Paternity risk among adolescent males

Freya L. Sonenstein, Joseph H. Pleck, Leighton C. Ku

Research output: Chapter in Book/Report/Conference proceedingChapter

3 Scopus citations


Even though there is little supportive evidence, teenage males in the United States are typically stereotyped as being sexually very active and irresponsible. Terms such as "sexual adventurer" or "roving inseminator" have been used to describe a prototypical young male who pursues sexual conquests to demonstrate his virility and prowess (Sorensen 1973; Wattenberg 1990). I Although some young men undoubtedly fit this mold, a critical question is, How widespread is this behavior? This chapter looks at what is actually known about the sexual behavior of young men in the United States. Presenting information from a nationally representative survey of males ages 15-19 years of age about their levels of sexual activity, contraceptive use, and experience with pregnancies, it examines trends over time and factors associated with paternity risk. Since sexual intercourse is a necessary precursor to pregnancy and paternity, the characteristics of young men engaging in early sexual activity without contraceptives are important in identifying adolescents at risk of becoming fathers. Until recently, however, little information was available (Sonenstein 1986; Study Group on the Male Role in Teenage Pregnancy and Parenting 1990). Almost two decades of research on the causes and consequences of pregnancy among adolescents had primarily focused on females (Chilman 1983; Hayes 1987; Miller and Moore 1990; Moore and Burt 1982). Service and policy interventions had also largely ignored the obvious contribution of males to the scope of the adolescent pregnancy problem. Recently, however, several program and policy initiatives have explicitly targeted young men. Youth agencies like the Urban League and the Boys Clubs have initiated programs promoting responsible sexual behavior among adolescent males (Dryfoos 1990). The Family Support Act of 1988 has made paternity establishment to obtain financial support for children born out of wedlock a key piece of welfare reform. Finally, the recognition that AIDS poses a major risk for sexually active teenagers has led schools and health agencies to educate both young men and young WOlnen about safer sexual practices including condom use. Unfortunately, the knowledge base which should underlie these recent policy and program initiatives has not been developed. Since 1971 the periodic collection of nationally representative data from young women has documented a dramatic increase in sexual activity and pregnancies. 2 Although no one disputes that teenage males have contributed to this trend, only two studies, one in 1979 (Zelnik and Kantner 1980) and one in 1988 (Sonenstein, Pleck, and Ku 1989), can be used to assess changes over time in male sexual behavior. At the national level, other surveys have collected information about fertility behavior of young men and women,-' but because of methodological differences, their results cannot be used comparatively to track trends across time. Several excellent ethnographic and clinical studies have also examined aspects of fertility behavior among groups of young men living in particular neighborhoods or communities (Anderson 1989; Hendricks and Montgomery 1983; Sullivan 1989; and Wattenberg, Brewer, and Resnik 1991 ).4 Such studies provide an in-depth understanding of how these particular young men view sex, pregnancy, and fatherhood; but it is potentially misleading to attribute their attitudes and behaviors to American young men in general. 5 Data from representative samples are needed to test whether these attitudes and behaviors are prevalent among a wider group of young men.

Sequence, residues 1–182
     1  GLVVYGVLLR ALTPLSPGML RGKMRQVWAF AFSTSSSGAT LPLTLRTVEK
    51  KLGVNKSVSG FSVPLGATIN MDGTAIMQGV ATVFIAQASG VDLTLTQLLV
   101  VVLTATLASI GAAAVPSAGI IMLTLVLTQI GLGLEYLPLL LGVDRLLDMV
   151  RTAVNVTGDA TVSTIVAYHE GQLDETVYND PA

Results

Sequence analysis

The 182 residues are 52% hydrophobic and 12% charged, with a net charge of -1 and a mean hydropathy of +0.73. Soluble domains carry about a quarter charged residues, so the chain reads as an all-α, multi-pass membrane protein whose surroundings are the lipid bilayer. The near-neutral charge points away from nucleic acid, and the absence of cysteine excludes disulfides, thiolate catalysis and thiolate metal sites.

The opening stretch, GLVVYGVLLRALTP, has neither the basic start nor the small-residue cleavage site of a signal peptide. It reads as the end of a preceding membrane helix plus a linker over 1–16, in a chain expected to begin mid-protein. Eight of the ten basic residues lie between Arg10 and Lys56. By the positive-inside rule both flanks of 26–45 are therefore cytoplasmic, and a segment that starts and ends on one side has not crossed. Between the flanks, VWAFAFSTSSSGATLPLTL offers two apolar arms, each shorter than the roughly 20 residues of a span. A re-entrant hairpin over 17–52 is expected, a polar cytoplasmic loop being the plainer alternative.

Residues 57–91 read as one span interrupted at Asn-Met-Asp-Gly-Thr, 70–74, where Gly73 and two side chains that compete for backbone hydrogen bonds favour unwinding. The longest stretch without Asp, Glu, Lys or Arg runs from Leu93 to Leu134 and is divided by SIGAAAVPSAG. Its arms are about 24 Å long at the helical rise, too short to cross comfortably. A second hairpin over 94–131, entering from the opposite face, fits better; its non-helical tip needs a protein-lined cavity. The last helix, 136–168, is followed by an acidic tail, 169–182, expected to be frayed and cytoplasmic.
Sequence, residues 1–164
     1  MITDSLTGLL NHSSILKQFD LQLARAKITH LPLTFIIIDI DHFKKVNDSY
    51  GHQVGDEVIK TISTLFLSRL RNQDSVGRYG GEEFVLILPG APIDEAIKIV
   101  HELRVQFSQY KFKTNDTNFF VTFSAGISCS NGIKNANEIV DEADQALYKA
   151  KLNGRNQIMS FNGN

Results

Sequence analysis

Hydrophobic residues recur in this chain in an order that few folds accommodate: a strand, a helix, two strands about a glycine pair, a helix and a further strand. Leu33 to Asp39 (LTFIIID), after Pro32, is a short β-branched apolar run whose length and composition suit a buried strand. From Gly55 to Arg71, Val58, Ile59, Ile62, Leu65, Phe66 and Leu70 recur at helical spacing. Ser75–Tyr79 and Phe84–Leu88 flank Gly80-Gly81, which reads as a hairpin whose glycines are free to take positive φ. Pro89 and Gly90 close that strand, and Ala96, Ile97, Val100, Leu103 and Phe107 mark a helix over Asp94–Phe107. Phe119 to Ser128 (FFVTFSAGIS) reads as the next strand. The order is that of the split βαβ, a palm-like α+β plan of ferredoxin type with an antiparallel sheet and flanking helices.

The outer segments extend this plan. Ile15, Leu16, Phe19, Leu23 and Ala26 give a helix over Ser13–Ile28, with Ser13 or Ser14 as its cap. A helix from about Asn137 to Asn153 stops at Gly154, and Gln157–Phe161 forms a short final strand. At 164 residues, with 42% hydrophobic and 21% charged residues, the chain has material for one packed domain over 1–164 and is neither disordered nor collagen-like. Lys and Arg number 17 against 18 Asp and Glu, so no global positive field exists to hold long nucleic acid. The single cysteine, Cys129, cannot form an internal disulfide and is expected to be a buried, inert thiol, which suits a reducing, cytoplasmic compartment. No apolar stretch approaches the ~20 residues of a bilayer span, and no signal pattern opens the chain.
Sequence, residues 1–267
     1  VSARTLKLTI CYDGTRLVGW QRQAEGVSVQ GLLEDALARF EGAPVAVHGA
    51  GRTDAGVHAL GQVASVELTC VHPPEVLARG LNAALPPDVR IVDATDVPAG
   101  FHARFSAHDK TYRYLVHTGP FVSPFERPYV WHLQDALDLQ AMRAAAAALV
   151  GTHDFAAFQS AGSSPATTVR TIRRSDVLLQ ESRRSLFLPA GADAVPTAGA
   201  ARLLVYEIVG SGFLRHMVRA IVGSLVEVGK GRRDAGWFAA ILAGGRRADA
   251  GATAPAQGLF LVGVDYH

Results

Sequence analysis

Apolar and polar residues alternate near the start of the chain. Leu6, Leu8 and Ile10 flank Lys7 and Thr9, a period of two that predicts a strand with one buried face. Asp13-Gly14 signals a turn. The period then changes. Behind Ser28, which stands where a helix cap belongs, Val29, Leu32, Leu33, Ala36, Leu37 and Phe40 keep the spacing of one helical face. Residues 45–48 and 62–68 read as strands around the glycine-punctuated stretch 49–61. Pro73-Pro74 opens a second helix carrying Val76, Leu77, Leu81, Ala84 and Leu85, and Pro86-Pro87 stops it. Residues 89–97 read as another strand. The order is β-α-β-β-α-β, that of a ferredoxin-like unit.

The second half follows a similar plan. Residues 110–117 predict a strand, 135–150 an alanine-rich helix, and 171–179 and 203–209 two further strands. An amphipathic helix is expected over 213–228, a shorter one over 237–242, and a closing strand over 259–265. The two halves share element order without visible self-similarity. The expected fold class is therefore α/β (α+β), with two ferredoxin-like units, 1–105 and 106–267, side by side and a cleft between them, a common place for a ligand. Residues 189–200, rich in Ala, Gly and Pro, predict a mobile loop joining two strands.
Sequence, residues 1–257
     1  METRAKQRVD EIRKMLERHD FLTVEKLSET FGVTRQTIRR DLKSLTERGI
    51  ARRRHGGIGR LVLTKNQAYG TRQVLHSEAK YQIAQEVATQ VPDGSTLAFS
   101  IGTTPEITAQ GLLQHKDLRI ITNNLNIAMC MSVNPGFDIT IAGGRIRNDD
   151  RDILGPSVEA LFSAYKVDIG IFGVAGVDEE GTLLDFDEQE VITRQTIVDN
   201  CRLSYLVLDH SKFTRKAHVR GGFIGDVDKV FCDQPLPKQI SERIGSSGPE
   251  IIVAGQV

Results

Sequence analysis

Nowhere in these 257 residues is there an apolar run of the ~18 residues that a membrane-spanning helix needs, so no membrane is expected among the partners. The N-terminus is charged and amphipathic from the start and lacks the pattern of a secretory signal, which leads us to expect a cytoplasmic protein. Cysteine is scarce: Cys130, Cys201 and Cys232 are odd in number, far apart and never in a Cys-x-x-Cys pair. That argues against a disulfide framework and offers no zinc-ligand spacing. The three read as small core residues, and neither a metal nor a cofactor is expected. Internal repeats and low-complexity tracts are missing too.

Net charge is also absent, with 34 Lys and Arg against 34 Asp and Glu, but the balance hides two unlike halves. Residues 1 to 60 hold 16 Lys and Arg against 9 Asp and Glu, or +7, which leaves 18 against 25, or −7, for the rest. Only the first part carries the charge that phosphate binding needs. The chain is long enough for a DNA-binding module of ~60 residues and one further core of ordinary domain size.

Original languageEnglish (US)
Title of host publicationYoung Unwed Fathers
Subtitle of host publicationChanging Roles and Emerging Policies
PublisherTemple University Press
Number of pages18
ISBN (Print)1566393183, 9781566393188
StatePublished - Dec 1 2009
Externally publishedYes

ASJC Scopus subject areas

  • Social Sciences(all)


Dive into the research topics of 'Paternity risk among adolescent males'. Together they form a unique fingerprint.

Cite this